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Callys Caves 2

For: iPhone   Also on: iPad

Worth spelunking?

Product: Callys Caves 2 | Publisher: Jordan Pearson | Developer: Jordan Pearson | Format: iPhone | Genre: Action, Platform | Players: 1 | Version: Europe | App version: 1.0.0
Callys Caves 2 iPhone, thumbnail 1
Callys Caves 2 is an overhaul of the original Callys Caves. This time around our dear protagonist Cally must plough through hundreds of enemies in a retro platformer with RPG elements.

The aim of the game is to reach the evil Dr Herbert's lair and rescue Cally's parents.

Controls are fluid and a little loose, with a virtual D-pad and three buttons - jump, shoot, and sword attack. They're laid out comfortably, and make the game easy to pick up. The mistakes I made while playing felt like they were down to me, rather than the buttons.

The descent

The caves are split up into stages that last about a minute or so if you're clearing out each room as you go along. Baddies explode into a cloud of coins, gems, hearts, and experience plops, but can almost always be avoided.

There are 14 different enemy types and six bosses spread out over all 104 levels, and there's a good deal of variety between foes. The Spelunky-like bats prove to be particularly annoying.

Lloyd, seemingly a vagrant hippy / stalker / friend of Cally, pops up every few levels with a tip or two. One of the first nuggets of advice he gave me was to stay out of the water as my parents hadn't given me lessons. But apparently I can wield a plethora of guns no problem.

For a game that advertises itself as difficult, Callys Caves 2 is enormously forgiving. Yes, even when maxed out at level 20 a standard enemy can kill you within a few seconds, but that merely sends you back to the start of the level.

The haunting game over screen serves as more of a punishment than the actual loss - a few measly coins that can easily be replenished.

IAPs explained
Only one IAP is available, offering poison bullets, extra gems and ad removal for 69p / 99c.

The ads only pop up in the menus and are completely unintrusive. It's really more of a 'donate' option than a necessary purchase.
Show me the cache

You have constant access to a shop with permanent character upgrades. These range from a triple jump and coin multipliers to health regeneration and dodge-chance upgrades. Once they've all been purchased, only the health refill option is left, but it still makes bosses a cakewalk.

Weapons include a pistol, shotgun, and assault rifle, as well as more out there options like a laser gun, icegun, and bow. Each has a different bullet spread for tackling baddies more effectively.

Some, such as the harpoon-firing spike gun, are required for accessing secret areas and progressing through certain stages. These weapons rarely prove useful against enemies though.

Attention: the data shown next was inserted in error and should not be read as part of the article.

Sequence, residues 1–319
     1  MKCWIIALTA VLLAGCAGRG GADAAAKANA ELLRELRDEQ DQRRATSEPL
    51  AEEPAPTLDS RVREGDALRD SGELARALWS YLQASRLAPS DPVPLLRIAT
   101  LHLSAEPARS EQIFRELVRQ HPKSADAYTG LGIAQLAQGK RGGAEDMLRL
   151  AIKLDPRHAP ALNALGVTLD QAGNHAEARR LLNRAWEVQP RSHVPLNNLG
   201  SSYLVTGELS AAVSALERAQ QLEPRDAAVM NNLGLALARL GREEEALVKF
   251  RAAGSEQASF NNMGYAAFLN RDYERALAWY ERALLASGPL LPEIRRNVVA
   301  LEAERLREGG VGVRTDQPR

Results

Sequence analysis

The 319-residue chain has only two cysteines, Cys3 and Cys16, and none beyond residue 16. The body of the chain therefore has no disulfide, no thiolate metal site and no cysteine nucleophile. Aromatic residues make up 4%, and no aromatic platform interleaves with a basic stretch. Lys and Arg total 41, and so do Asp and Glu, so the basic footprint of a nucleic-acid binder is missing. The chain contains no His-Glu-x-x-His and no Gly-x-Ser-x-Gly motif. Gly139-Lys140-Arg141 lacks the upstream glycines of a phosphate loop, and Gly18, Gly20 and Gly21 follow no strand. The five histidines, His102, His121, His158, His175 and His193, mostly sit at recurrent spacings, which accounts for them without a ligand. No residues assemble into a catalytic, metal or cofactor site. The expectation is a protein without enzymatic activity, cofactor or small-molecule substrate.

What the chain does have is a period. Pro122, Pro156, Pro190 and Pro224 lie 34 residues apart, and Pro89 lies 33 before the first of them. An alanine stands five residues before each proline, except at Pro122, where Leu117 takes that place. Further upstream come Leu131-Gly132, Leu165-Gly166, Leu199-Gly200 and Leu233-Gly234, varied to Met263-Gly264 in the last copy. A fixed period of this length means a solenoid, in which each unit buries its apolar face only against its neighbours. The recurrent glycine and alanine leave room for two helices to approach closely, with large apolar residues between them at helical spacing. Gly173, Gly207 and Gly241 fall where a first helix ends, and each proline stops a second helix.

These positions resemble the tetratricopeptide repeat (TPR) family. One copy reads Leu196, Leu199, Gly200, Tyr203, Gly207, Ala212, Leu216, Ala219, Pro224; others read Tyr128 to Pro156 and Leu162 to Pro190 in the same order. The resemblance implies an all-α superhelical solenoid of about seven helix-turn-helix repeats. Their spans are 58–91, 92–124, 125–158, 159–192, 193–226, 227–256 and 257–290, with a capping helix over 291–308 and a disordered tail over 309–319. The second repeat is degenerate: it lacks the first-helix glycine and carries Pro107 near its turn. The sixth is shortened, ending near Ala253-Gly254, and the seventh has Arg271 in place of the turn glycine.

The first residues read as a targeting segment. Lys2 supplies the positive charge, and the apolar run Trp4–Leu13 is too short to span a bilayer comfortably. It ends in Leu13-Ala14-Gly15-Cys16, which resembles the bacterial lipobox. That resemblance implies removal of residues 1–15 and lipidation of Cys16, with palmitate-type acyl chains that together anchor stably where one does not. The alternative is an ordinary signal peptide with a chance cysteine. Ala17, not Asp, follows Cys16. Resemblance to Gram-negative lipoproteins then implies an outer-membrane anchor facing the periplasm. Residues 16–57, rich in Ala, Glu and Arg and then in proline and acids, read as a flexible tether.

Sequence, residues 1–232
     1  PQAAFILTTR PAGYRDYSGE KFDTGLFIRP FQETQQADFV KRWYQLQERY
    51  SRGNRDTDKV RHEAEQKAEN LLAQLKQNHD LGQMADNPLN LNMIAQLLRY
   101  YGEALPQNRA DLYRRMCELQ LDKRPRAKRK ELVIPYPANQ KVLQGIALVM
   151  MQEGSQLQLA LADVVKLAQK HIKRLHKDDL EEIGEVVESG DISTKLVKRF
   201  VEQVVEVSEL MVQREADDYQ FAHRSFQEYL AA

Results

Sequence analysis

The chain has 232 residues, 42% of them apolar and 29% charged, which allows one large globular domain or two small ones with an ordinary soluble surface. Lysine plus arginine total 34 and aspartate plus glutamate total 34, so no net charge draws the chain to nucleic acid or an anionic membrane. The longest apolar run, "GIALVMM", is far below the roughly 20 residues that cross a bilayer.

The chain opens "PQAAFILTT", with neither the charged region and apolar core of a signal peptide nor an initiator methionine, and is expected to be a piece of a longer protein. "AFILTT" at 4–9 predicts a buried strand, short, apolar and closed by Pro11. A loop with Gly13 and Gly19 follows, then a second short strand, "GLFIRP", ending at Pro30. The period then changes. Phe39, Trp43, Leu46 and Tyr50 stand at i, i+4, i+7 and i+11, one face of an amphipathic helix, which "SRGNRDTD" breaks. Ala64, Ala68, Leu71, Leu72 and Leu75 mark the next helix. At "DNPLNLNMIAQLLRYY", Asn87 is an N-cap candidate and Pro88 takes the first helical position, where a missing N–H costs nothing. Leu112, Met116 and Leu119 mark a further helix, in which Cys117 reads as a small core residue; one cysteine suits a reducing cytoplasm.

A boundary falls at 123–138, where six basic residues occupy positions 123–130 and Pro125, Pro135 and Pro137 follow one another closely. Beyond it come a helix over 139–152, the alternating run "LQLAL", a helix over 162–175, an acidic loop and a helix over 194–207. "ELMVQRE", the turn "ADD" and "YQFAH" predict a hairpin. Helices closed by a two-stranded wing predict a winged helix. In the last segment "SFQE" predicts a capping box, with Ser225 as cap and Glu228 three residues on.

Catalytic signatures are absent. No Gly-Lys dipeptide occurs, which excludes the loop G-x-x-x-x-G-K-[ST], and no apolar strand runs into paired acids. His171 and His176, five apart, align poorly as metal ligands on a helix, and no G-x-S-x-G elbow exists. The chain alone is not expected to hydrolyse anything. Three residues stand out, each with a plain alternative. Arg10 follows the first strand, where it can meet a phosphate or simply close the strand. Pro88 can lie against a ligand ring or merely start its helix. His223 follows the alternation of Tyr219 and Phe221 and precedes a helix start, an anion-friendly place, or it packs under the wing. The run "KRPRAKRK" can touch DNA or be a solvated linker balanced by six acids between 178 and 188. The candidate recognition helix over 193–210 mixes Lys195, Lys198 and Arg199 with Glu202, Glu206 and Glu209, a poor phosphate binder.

I found the boomerang and bomb gun the most fun to use. You can get the former trapped behind ghouls and deal endless damage, while the latter lets you propel enemies skywards. Experimentation is the key to success.

Each weapon can be upgraded to a maximum level of ten. Each level increases the damage output, while reaching levels four, seven, and ten provides cosmetic upgrades.

Projectiles enemies throw at you can be nullified with your sword attack. It can be upgraded via the in-game store, where a classic The Legend of Zelda-esque energy-wave sword bash can also be purchased.

Easy now

The most fun I had was finding ways to exploit the game. By making use of exits or entrances near gems, you can travel to and fro to collect tons of money for upgrades within the first few levels.

Similarly bosses can be exploited for gun and character experience. Just beaten a boss? Why not travel back through to the exit of the stage and attack it from behind, where it can't reach you.

This may not be in the spirit of the game, but the option is there, intentionally or not.

The soundtrack ranges from downright moody melodies to upbeat synthesised tunes, and it all fits very well with the detailed sprite-based graphics.

While it has a great sense of style, Callys Caves 2 still feels unfinished.

Not having branching routes feels like a missed opportunity, and having gems as the only hidden treasure rather than upgrades or rare guns seems a shame.

Despite that, Callys Caves 2 is still a rich and rewarding retro platformer. And if you’re willing to put the time in, you’ll find a lot to like.
Callys Caves 2
Reviewer photo
Danny Russell | 14 July 2014
If you're feeling the itch for a platformer of yore, Callys Caves 2 is an easy recommendation
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